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  • Document

    Support for African women's equality rises: education, jobs & political participation still unequal

    Afrobarometer, 2014
    Across the globe, women and girls lack access to the levels of education, economic power and political leadership enjoyed by men. However, an Afrobarometer's survey of more than 50,000 people in 34 African countries shows broad support for women's equality among both men and women, and widespread acceptance of women’s leadership capabilities.
  • Document

    Demand for democracy is rising in Africa, but most political leaders fail to deliver

    Afrobarometer, 2014
    Africans express growing attachment to democracy. This Afrobarometer policy paper points to the gap in many African countries between popular demand for democracy and the supply of democracy actually delivered by ruling elites.
  • Document

    Ethnicity and individual attitudes towards international investors: survey evidence from sub-Saharan Africa

    Afrobarometer, 2013
    Academic literature supports the idea that FDI is conducive for growth and, more importantly, for poverty alleviation. This paper focuses on Sub-Saharan Africa and tests the determinants of individual support toward foreign investors. The paper proposes a model that explains why foreign direct investment reinforces policy making along ethnic cleavages.
  • Document

    Citizens’ attitudes towards taxation in Kenya, Tanzania, Uganda and South Africa

    Afrobarometer, 2013
    Little is known about tax compliance behaviour in developing countries. This study explores factors that determine citizens’ tax compliance attitude in four African countries: South Africa, Kenya, Tanzania and Uganda.
  • Document

    Social desirability bias and reported vote preferences in African surveys

    Afrobarometer, 2014
    There has been little investigation into whether reported African voter preferences are reliable, or whether they are affected by bias. The current paper uses a voting simulation experiment in Uganda and analysis of existing surveys from a number of African countries to show that African voters who are observed by others are less likely to report a preference for a co-ethnic candidate.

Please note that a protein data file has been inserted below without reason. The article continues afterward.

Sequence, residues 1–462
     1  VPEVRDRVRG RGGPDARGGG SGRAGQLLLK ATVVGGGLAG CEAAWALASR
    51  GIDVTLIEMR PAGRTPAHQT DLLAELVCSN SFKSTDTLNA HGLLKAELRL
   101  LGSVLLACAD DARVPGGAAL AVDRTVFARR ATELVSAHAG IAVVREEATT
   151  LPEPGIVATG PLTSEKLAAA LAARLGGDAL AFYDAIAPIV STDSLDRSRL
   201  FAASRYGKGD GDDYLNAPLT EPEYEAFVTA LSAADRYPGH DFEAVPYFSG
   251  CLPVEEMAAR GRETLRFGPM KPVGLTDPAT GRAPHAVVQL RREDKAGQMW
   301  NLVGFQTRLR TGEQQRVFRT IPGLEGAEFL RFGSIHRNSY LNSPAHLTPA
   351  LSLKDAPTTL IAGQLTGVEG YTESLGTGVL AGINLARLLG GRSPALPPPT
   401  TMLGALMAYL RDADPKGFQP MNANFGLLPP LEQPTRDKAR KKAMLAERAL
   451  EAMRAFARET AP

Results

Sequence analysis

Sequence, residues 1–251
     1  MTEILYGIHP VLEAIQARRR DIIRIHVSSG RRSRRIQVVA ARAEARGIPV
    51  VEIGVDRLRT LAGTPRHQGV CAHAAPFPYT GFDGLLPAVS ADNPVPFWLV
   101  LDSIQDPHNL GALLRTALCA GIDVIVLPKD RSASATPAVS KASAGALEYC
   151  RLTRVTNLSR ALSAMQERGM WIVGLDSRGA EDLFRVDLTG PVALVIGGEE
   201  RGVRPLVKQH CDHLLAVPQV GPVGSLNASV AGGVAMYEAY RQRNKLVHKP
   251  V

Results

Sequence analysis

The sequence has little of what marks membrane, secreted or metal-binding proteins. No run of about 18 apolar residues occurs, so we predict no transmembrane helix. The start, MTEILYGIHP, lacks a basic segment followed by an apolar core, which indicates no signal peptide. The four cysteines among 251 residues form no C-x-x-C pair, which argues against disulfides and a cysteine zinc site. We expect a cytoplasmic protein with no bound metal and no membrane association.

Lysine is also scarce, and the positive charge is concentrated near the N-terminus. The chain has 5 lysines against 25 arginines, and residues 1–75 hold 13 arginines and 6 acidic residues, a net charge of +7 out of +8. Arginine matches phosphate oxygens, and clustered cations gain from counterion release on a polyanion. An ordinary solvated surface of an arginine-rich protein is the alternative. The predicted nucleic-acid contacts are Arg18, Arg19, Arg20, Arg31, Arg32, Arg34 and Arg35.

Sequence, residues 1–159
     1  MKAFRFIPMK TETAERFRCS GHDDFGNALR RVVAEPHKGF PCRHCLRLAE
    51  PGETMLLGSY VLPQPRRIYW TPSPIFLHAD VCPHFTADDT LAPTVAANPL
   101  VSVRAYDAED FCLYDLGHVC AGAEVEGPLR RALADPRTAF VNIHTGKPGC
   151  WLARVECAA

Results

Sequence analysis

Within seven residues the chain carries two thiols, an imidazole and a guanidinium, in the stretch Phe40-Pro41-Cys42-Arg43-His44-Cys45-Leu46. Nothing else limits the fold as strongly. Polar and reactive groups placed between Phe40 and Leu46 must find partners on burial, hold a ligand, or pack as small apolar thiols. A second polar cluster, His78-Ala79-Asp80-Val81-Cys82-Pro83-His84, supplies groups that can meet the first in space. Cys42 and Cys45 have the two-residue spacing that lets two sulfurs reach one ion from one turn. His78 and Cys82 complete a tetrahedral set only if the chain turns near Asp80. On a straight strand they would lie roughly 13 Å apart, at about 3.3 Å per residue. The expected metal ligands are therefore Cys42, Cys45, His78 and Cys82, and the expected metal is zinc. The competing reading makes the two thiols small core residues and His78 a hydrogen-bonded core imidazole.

• Document

    Another resource curse?: the impact of remittances on political participation

    Afrobarometer, 2014
    International remittances are quickly becoming an important source of income for millions of individuals around the world. This article focuses on the political impact of remittances, and in particular, its effect on political participation, using data collected from 20 sub-Saharan African countries.
  • Document

    What drives quality of schools in africa?: disentangling social capital and ethnic divisions

    Afrobarometer, 2014
    Because of limited governmental resources in Africa, communities are often left in charge of managing their own schools. Therefore, to improve school quality, one must understand the ability of African communities to engage in collective action.
  • Document

    A vote of confidence: retrospective voting in Africa

    Afrobarometer, 2014
    The literature on African voting motivations has largely emphasised factors such as ethnic similarity, patron-client loyalty and urban dwellers’ affinity for change. However, the current paper claims that retrospective voting has been either overlooked or misunderstood, and argues that it is a powerful explanation for recurring incumbent support.  
  • Document

    Why do some Africans pay bribes while other Africans don't?

    Afrobarometer, 2014
    Bribery has long been described as a pervasive feature of Africa states, but a different picture emerges when the focus is shifted to the micro-level relation between individuals and public officials within a state. The purpose of this paper is to explain under which circumstances and to what extent the payment of bribes by individual Africans varies both within and between countries.
  • Document

    Popular attitudes toward democracy in Mauritius

    Afrobarometer, 2013
    Expert assessments of democracy have always rated Mauritius as a paragon of democracy on the African continent. This briefing paper uses the results of an Afrobarometer survey to find out whether ordinary Mauritians agree with this assessment or not. The paper also demonstrates the opinions of people in other African countries regarding their national democracies. 

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